one of us threw out the greek word sozo and how it described this idea of being restored back to the original intention. moreover, the cultural understanding of this word implied that the whole man (body, soul, and spirit), the human experience was "saved." this is much broader than the common perspective of being saved connected exclusively with our personal sin. as we think about what the gospel, the good news, means for our communities... if it is indeed good news...it must go beyond the good news that jesus died for our sins.
don't get me wrong, being saved from the burden and shame of our personal shame is good news. but as i read about how suburbia was designed to be this paradise where we could raise our kids but is now this commuting, consuming, isolating place...it seems to me that it suburbia needs some good news too! i think the same could said about our urban centers. the gospel needs to penetrate not just our hearts, but our actions, and flow out into the world.
so...what does it look like for the suburban context to be sozo'ed? what does it look like for the power of God, the gospel, to SAVE not just a person, but a community, region, city, nation?
one of the folks in the discussion from earlier asked the question..."if the enemy comes to steal kill and destroy and God has come to bring life and life abundant...where has the devil caused destruction in suburbia, and where God has come to bring life?"
one of things that has been very apparent about suburbia is the way that it isolates people. with homes designed for single families, the car being a necessity not a nicety, it is very easy for an entire community of friends to be scattered in all different places. our community is then fractured, not one that is borne out of daily moment by moment interactions -- but out of defined events / places that we must drive to. this is better than not having any community at all...but what if the gospel saving suburbia included the breaking of this isolation? what if...instead of fragmented communities, believers in suburbia consciously lowered those barriers by choosing to develop their community in a several mile radius of their home? what if...we actually set up structures that made us depend on one another, like reducing the number of cars that we own, or living nearby to each other so we can share resources? what if church was not some place we drove 30 minutes to once a week but what happened from monday to saturday?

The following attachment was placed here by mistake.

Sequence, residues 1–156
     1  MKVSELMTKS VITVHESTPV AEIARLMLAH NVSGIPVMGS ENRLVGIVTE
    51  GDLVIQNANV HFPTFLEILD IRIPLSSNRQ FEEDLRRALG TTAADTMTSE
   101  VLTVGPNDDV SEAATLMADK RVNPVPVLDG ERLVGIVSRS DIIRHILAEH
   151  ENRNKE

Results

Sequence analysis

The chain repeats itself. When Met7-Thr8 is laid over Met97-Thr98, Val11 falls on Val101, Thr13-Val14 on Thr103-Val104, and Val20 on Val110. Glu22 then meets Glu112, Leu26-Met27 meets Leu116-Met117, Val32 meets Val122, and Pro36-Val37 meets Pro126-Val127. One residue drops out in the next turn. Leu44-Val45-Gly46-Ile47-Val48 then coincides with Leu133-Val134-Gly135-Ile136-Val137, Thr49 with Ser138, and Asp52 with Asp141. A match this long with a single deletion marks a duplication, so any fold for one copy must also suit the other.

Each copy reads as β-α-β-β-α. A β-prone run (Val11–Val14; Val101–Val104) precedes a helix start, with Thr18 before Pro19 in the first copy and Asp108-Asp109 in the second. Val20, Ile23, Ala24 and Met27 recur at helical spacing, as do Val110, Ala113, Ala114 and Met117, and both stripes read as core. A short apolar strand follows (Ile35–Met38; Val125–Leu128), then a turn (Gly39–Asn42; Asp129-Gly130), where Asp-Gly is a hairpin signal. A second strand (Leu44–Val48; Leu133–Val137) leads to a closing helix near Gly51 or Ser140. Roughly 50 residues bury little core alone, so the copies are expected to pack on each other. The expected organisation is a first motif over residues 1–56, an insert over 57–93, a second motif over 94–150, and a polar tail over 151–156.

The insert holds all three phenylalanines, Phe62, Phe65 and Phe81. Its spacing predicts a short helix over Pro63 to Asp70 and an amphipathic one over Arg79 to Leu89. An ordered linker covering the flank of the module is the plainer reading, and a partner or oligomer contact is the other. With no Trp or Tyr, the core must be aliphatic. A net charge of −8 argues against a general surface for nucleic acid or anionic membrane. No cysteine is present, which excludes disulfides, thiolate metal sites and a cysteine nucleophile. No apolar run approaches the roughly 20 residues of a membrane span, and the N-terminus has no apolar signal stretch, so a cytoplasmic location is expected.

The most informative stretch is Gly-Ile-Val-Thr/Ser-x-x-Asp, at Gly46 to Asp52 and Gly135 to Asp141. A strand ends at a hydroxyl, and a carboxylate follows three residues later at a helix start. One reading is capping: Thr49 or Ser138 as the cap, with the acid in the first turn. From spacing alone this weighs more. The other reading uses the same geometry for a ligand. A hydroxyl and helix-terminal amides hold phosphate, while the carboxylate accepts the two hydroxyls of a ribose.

as followers of jesus, we need to wrestle with the values our culture extols. i'm talking about subtle things like consumerism, independence, etc... its inevitable that we unconsciously ingest behaviours that affirm these values regardless of what context we're in. if we live in suburbia, we must be aware of these values and enact disciplines of abstince and engagement that are redeem and counter to suburbia's values. its in these places that we are cooperating with how the Holy Spirit will bring transformation to suburbia.
may we continue to dream for the sozoing of suburbia and the urban centers. Holy Spirit give us eyes to see and ears to hear. maranatha!
closing thoughts from living at the crossroads: church & mission:
"One of the reasons we have to create evangelism programs is that no one is asking us questions such as, "What is the reason for the hope within you", "Why do you live so differently" or "Why do you love the poor, provide service widows and care for prisoners?" Our churches are so rooted in the Western story that would our neighbors think if we had Jesus removed from our life that our treasure would be removed? Or would they think it would be a small loss in relation to how we live seeking to pursue the American dream along with the rest of our unbelieving neighbors? In Acts and the early church evangelism was built on questions because of the radical alternative way Christians lived."